The focus of my own research has been slowly shifting further back in time, and I’m currently investigating some families who lived in town as early as the 1820s. One of the people I am interested in is a man named John Reed, a merchant who was very active in the Congregational Church. Reed drowned in the Black River in 1855. While looking at his probate documents, I came across a twenty-page inventory of his belongings, most likely including the contents of his store. (His building stood at what is today the intersection of North Main Street and West Herrick Avenue, occupied since 1873 by Benedict’s Block–named, incidentally, for Ethel Benedict. He was John Reed’s brother-in-law, and took charge of his business affairs and real estate, after Reed’s tragic death.) The inventory has pages of personal and business accounts being settled with Reed’s estate, thousands of dollars in credit presumably extended for the purchase of goods. Teasing apart the networks of connectedness and examining the material culture contained within this single document could fill a doctoral dissertation.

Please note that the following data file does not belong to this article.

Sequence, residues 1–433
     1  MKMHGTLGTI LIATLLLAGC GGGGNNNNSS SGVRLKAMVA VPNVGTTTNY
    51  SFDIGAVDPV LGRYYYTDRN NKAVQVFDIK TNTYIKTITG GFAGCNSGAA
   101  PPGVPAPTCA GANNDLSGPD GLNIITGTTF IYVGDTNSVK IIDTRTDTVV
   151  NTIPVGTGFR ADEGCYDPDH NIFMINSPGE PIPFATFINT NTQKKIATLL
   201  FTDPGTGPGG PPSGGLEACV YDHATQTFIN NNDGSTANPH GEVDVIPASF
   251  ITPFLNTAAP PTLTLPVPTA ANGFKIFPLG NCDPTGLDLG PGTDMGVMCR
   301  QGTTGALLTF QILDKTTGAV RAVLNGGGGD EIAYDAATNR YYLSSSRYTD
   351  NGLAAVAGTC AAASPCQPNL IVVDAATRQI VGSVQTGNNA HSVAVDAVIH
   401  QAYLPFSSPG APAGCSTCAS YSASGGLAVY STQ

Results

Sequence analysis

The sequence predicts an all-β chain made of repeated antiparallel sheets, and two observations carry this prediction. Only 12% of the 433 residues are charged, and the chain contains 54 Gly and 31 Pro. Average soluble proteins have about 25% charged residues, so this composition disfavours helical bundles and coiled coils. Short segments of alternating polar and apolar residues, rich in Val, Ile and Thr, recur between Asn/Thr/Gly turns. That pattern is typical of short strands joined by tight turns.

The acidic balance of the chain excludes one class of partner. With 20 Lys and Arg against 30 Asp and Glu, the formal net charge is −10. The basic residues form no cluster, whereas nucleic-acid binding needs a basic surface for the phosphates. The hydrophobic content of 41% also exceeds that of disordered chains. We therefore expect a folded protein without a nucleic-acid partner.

At present, I am pursuing eight different topics that I hope will each result in a post. After that, who knows? I wrote back in October that I thought I was nearing the end of the line (Leviathan pun intended) and seven months later, I am still finding things to be curious about. I will say that now that spring is finally here, I will have less time for weekend library excursions, as grass must be mown and weeds pulled. I hope you all will be enjoying the warm weather so much you won’t even notice my absences. As always, I welcome your comments, questions, and suggestions of topics.

Famous Faces

1865 image of President Abraham Lincoln's funeral train. Used with permission of The 2015 Lincoln Funeral Train.

1865 image of President Abraham Lincoln’s funeral train. Used with permission of The 2015 Lincoln Funeral Train.

I have been keeping an informal, penciled list on a folder for some months, of all the famous individuals who visited Wellington during the nineteenth century. I thought it might be fun to share as a post. I will add to this compilation if I discover additional names.